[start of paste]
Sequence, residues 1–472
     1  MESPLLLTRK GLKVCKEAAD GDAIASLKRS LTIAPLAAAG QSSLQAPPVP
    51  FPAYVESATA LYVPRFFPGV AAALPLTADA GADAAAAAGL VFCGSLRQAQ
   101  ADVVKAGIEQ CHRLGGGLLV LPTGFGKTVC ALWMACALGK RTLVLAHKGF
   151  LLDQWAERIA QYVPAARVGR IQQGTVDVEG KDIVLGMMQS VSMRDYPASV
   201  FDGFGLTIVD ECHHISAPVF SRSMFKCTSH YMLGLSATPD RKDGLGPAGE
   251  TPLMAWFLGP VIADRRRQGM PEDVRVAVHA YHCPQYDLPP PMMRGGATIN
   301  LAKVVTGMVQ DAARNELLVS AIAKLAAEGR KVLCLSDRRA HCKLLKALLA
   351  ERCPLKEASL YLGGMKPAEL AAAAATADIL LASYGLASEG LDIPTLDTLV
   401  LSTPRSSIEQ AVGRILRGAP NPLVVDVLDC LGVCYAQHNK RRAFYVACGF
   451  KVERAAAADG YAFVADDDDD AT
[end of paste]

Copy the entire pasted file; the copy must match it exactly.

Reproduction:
Sequence, residues 1–472
     1  MESPLLLTRK GLKVCKEAAD GDAIASLKRS LTIAPLAAAG QSSLQAPPVP
    51  FPAYVESATA LYVPRFFPGV AAALPLTADA GADAAAAAGL VFCGSLRQAQ
   101  ADVVKAGIEQ CHRLGGGLLV LPTGFGKTVC ALWMACALGK RTLVLAHKGF
   151  LLDQWAERIA QYVPAARVGR IQQGTVDVEG KDIVLGMMQS VSMRDYPASV
   201  FDGFGLTIVD ECHHISAPVF SRSMFKCTSH YMLGLSATPD RKDGLGPAGE
   251  TPLMAWFLGP VIADRRRQGM PEDVRVAVHA YHCPQYDLPP PMMRGGATIN
   301  LAKVVTGMVQ DAARNELLVS AIAKLAAEGR KVLCLSDRRA HCKLLKALLA
   351  ERCPLKEASL YLGGMKPAEL AAAAATADIL LASYGLASEG LDIPTLDTLV
   401  LSTPRSSIEQ AVGRILRGAP NPLVVDVLDC LGVCYAQHNK RRAFYVACGF
   451  KVERAAAADG YAFVADDDDD AT